The Right Diet Can Be Good for Physicians and Patients Alike

A whole food, plant-based diet has been shown to prevent heart disease, cancer, diabetes, obesity, peripheral vascular disease, and high blood pressure.


Laura Brainard, MD
Laura Brainard, MD

Physicians recommend healthy diet options to their patients all the time. In a classic case of “what’s good for the goose,” those same recommendations can help physicians improve their own health and well-being as well.

In Monday's session “How a Whole Food, Plant-Based Diet Can Support Physician Wellness,” Laura Brainard, MD, neurotologist at Henry Ford Health System in Detroit, Michigan, and Amalia R. Steinberg, MD, otolaryngologist with Alaska Native Medical Center, outlined how changing to such a diet can benefit physicians and patients alike.

“A whole food, plant-based diet has been shown to prevent many of the lifestyle-associated diseases, including heart disease, cancer, diabetes, obesity, peripheral vascular disease, and high blood pressure,” Dr. Brainard said.

“Heart disease and cancer are the top two causes of death for people over the age of 45,” said Dr. Steinberg. “By following a healthy diet, physicians can avoid early mortality and expect to live healthier longer, allowing them to continue to practice medicine and avoid the physical, emotional, and financial costs of the disease.”

Not only that, but both presenters agreed that by personally living and experiencing the benefits of a healthy diet, physicians can better educate and counsel their patients on a healthy diet.

Their presentation gives plenty of advice and tips on how to switch to a whole food, plant-based diet, including:

  • Giving yourself permission to make changes gradually, especially if jumping in 100% is not feasible. For example, start by converting one meal a day—a plant-based breakfast, for example.
  • Aiming for a plant-powered plate: ½ vegetables, ¼ grains and ¼ beans with a small amount of nuts and seeds and as much whole fruit as you want.
  • Earning continuing medical education credits on plant-based nutrition to learn more about the benefits of the diet.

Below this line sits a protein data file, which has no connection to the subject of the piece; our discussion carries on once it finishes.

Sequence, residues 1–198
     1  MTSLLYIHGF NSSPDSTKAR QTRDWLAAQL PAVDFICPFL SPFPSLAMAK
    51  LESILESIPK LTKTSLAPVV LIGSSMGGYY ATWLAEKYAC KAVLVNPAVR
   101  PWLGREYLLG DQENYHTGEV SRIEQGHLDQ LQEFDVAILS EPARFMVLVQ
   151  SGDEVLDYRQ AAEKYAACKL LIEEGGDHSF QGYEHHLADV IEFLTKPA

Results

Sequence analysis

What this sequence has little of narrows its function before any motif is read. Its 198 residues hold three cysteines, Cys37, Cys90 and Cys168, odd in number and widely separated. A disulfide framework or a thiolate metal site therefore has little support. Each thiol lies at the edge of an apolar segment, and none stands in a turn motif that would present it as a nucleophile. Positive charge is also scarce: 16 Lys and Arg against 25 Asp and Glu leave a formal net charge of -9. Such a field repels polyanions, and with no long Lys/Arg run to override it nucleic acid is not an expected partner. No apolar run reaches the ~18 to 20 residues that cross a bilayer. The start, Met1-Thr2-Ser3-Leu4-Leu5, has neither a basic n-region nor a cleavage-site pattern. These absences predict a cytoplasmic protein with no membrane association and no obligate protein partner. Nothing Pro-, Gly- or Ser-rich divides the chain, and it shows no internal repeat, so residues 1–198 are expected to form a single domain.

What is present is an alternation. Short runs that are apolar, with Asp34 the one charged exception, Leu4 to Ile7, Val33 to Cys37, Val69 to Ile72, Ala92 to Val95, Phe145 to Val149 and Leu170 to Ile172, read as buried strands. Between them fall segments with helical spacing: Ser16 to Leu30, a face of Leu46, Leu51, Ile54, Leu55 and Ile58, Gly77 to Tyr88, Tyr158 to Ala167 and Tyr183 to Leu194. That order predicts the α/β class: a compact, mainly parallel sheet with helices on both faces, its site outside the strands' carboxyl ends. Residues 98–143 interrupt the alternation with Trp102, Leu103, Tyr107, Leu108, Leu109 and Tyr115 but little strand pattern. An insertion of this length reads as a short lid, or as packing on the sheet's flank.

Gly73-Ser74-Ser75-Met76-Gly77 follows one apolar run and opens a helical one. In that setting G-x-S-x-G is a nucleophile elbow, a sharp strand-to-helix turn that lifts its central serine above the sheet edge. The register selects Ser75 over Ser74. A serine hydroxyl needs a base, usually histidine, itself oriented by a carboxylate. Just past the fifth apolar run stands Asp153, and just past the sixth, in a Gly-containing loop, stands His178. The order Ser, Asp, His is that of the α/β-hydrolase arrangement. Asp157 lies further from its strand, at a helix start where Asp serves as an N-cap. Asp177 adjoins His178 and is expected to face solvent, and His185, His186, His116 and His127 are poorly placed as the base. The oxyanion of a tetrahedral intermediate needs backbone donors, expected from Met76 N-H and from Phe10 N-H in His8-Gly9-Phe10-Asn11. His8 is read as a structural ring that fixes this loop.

• Minimizing processed foods in your diet, including flour, sugar, and oil.

Dr. Steinberg said physicians in particular should consider a diet like this because they have demanding, high-stress jobs, which is evidenced by the high rate of burnout in the profession.

“Self-care has been identified as one of the many interventions to address the burnout crisis,” she said. “And nutrition is an important part of self-care.”

Switching to a plant-based diet also allows physicians to be examples and inspirations to their patients and to educate them from your own experience, Dr. Brainard said. It can also help physicians fill gaps in their own education.

“By learning about and adopting a healthy diet, such as a whole food, plant-based diet, physicians would be filling a gap in medical education, which left most of us under-informed about nutrition,” she said. “This has limited our own ability to make informed food choices and educate our patients.”

Other questions that the speakers address include: 

  • Why the real question is not “how do you get your protein and how much?”—but rather “how do you get your fiber, and how much?”
  • How to feed yourself and your microbiome, and why it’s important?
  • How to prevent your liver from producing pro-atherogenic trimethylamine N-oxide.

Ultimately, Dr. Steinberg said, the pair hope that physicians will see how easy it is to incorporate such a diet into their lives and the lives of their patients.

 “There are many ways to adopt a whole food, plant-based diet,” Dr. Steinberg said. “It is highly possible in the context of a busy and professional life.”

This session is available on demand.

Visit the Annual Meeting & OTO Experience Meeting Daily for more articles.